In the U.S., about 80% of antibiotics sold are used on livestock. Fearing an outbreak that could cost millions, farmers routinely administer heavy antibiotics to their entire herd – even if they’re perfectly healthy! Greed from the pharmaceutical industry has made things worse, with targeted advertising encouraging widespread antibiotic use.
What this means is that your meat, poultry, dairy, fruits, and vegetables may all contain antibiotics. Couple that with the extremely liberal prescription habits in use today, and our guts are constantly under attack. You can protect yourself by buying organic food raised without hormones and saying “no” to unnecessary antibiotic prescriptions.
But there is something even better you can do for your gut.
Pre- and probiotics are a veritable “silver bullet” for repairing gut health and keeping it that way. Probiotics come from the foods we eat. According to the National Center for Complementary and Integrative Health (NCCIH), increasing probiotic content in your gut through supplementation or consuming probiotic-rich foods can help with allergy disorders, liver conditions, and even the common cold.
The best natural source of probiotics can be found in fermented foods. Sauerkraut, kimchi, and kefir are all excellent sources of fermentation. What’s more, fermented foods have been shown to treat cancer and increase longevity! If probiotics are the soil in which we grow healthy gut bacteria, then prebiotics are the fertilizer.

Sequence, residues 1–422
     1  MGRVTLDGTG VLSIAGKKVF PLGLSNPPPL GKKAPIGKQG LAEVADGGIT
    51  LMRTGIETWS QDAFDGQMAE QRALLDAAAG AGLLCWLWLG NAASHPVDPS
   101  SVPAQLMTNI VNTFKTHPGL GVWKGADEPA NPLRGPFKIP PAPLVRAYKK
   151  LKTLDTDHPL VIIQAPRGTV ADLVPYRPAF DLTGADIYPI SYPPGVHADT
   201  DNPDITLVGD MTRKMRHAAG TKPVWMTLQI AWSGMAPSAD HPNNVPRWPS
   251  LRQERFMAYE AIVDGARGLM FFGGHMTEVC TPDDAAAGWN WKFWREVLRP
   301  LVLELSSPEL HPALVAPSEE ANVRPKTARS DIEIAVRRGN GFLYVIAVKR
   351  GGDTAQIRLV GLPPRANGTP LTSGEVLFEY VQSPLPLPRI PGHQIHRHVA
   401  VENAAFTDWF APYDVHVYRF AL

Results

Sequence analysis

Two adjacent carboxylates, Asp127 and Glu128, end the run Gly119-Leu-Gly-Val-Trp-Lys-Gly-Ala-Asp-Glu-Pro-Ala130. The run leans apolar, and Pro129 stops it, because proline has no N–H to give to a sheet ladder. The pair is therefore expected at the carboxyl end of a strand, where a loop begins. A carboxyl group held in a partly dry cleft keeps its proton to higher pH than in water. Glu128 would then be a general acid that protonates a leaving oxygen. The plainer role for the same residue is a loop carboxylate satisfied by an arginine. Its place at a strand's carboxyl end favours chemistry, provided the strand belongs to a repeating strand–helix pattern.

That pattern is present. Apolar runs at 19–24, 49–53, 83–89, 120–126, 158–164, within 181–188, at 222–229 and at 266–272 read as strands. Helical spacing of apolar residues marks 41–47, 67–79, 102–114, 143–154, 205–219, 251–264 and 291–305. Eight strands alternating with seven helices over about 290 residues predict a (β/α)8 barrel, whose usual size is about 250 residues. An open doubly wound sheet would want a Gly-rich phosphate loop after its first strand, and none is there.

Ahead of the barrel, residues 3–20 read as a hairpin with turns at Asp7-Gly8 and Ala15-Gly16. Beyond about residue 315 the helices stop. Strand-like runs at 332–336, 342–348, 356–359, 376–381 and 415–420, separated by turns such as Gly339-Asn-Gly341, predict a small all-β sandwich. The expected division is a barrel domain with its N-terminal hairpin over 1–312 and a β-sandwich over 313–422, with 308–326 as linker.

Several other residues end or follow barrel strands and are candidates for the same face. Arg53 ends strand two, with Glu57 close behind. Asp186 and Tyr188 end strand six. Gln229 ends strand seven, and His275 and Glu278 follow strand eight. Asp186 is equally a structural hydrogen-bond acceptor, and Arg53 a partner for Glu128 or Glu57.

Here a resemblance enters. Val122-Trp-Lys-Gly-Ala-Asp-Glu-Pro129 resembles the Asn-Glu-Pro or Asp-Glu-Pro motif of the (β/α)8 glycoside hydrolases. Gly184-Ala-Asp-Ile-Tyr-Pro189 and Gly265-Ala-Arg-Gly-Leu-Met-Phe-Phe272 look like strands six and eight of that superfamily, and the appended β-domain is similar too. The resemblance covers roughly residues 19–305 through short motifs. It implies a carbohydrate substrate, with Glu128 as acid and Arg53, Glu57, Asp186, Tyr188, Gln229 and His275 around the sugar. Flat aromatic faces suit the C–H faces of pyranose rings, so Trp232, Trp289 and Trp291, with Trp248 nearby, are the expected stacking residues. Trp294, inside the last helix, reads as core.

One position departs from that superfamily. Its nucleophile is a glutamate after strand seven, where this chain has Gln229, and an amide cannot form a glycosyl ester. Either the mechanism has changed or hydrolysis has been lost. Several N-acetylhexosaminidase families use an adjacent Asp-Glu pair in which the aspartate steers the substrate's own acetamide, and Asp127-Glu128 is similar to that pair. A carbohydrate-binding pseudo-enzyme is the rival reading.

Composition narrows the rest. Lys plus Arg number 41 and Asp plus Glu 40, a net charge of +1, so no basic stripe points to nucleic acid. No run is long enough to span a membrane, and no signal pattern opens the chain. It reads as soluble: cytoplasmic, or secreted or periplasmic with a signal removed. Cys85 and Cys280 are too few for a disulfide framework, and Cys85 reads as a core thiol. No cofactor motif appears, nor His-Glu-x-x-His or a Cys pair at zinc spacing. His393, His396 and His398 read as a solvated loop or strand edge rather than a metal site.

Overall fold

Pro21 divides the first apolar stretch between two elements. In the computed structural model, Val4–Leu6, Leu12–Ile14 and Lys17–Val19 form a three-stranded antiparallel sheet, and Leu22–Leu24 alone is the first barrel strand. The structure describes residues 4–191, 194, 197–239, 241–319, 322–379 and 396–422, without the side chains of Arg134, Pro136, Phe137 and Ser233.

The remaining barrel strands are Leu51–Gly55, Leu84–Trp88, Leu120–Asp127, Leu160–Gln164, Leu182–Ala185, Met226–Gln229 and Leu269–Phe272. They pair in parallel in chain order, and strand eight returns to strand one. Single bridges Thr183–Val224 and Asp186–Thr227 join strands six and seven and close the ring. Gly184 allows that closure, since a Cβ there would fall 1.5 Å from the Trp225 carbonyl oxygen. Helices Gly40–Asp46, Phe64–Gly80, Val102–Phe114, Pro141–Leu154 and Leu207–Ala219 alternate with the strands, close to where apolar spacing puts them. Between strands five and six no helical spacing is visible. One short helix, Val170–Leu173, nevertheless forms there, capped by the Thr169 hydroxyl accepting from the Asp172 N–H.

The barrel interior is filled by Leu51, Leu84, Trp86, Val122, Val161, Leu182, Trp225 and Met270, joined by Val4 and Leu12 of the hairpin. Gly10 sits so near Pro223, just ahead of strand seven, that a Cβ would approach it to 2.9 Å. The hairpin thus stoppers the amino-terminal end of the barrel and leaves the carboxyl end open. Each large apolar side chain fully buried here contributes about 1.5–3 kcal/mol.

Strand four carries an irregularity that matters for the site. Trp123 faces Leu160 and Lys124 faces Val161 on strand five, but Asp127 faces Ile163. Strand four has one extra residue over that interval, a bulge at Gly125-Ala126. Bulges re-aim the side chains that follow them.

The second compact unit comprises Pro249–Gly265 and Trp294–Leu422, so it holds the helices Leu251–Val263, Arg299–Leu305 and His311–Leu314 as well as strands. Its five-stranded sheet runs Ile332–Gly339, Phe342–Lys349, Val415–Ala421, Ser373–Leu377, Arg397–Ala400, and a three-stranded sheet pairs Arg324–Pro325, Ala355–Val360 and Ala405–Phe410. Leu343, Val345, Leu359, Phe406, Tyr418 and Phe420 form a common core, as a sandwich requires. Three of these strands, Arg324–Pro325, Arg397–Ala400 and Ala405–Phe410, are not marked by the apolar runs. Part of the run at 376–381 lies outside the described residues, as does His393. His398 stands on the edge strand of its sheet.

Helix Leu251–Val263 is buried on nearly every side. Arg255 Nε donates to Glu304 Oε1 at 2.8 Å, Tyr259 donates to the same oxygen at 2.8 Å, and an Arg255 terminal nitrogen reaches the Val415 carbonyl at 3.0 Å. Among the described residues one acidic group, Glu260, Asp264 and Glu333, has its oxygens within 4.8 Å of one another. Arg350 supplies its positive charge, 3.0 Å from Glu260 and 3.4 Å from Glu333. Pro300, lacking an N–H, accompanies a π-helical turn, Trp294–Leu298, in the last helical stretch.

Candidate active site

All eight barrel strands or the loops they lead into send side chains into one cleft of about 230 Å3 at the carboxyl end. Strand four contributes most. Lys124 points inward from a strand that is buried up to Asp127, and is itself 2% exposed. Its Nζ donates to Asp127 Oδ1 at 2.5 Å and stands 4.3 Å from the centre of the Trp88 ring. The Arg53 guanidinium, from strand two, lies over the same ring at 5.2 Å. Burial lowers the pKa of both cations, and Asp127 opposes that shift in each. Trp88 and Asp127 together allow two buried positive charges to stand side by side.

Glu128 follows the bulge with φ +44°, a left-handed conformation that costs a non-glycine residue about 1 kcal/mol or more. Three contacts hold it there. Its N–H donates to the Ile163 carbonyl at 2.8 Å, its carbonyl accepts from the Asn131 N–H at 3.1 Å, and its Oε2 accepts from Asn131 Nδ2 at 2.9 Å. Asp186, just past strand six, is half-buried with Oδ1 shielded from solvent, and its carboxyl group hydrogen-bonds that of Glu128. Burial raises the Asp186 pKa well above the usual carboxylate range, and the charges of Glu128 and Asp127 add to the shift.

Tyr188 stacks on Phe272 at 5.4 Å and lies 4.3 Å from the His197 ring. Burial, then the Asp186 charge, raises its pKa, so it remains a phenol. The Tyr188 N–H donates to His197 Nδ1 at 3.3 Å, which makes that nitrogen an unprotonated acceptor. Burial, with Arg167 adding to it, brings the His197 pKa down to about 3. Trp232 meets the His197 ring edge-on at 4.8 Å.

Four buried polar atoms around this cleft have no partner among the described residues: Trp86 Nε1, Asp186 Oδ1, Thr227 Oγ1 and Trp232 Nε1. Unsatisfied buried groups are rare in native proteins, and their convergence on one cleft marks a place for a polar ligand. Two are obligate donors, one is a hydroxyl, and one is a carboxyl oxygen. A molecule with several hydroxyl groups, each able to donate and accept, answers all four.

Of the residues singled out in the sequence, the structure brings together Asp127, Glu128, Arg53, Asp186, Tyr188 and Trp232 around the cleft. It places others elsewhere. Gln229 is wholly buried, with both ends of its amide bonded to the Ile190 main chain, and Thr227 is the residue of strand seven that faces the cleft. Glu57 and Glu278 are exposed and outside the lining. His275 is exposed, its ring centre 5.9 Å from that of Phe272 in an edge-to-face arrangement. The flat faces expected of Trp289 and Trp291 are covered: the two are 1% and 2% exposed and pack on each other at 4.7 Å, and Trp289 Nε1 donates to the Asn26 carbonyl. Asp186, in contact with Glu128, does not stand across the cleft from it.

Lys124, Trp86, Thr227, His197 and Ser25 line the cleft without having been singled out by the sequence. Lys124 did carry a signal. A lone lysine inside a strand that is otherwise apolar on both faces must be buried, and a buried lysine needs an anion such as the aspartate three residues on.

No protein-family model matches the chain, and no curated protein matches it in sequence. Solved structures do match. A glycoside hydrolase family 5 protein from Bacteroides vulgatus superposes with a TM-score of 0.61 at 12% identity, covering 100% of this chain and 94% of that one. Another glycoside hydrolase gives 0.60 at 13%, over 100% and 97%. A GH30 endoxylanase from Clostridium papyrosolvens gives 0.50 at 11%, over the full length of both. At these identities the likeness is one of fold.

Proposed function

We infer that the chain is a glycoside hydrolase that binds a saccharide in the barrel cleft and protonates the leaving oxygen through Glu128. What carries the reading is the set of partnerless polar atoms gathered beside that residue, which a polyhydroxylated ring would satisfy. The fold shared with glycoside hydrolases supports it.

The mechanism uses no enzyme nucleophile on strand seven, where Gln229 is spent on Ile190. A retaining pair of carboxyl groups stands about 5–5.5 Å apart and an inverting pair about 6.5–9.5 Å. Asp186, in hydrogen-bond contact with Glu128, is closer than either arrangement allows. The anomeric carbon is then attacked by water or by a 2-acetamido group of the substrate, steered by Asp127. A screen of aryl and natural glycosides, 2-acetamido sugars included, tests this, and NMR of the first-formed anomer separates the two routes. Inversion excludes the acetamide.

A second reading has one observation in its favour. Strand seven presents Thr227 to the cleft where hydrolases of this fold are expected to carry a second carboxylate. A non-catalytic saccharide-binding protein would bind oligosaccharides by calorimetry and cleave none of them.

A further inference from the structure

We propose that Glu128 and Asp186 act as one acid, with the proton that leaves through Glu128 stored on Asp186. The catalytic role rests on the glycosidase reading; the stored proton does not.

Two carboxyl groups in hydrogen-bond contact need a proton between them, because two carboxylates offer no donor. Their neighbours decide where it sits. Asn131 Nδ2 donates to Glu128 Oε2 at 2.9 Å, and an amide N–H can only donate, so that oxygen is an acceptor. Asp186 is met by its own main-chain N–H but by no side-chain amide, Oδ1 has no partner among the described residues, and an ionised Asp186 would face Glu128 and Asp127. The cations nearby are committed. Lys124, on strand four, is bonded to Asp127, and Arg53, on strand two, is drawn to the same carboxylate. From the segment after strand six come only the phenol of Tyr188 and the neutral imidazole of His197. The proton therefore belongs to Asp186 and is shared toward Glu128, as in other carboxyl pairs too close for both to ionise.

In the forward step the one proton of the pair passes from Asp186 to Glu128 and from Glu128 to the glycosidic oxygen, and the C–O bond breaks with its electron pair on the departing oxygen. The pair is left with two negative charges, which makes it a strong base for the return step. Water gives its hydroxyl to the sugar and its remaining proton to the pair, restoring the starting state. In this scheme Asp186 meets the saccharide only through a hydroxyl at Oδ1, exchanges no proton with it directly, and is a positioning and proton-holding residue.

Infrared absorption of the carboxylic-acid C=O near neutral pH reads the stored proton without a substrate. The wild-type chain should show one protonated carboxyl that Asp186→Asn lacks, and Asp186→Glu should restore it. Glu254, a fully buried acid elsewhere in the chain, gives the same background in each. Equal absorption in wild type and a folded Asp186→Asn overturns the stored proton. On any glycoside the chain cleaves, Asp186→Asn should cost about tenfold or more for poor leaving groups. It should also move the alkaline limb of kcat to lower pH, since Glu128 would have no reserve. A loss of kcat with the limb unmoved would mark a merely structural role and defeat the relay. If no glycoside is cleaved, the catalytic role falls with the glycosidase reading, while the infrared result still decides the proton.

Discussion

Prebiotics are a class of plant fiber that can’t be digested by humans but is a critical food source for probiotic bacteria. Without prebiotics, probiotics can’t do their job. Without probiotics, our gut health fails. There are two primary prebiotics that your body needs: inulin and oligofructose.
There are also two sides to your colon; one prefers inulin (the left) and the other prefers oligofructose (the right). These two prebiotics have been shown to provide maximum nourishment for your internal ecosystem. They help to multiply beneficial bacteria and combat gut dysbiosis, a bacterial imbalance in the gut that can result in indigestion, bloating, and other gastrointestinal symptoms.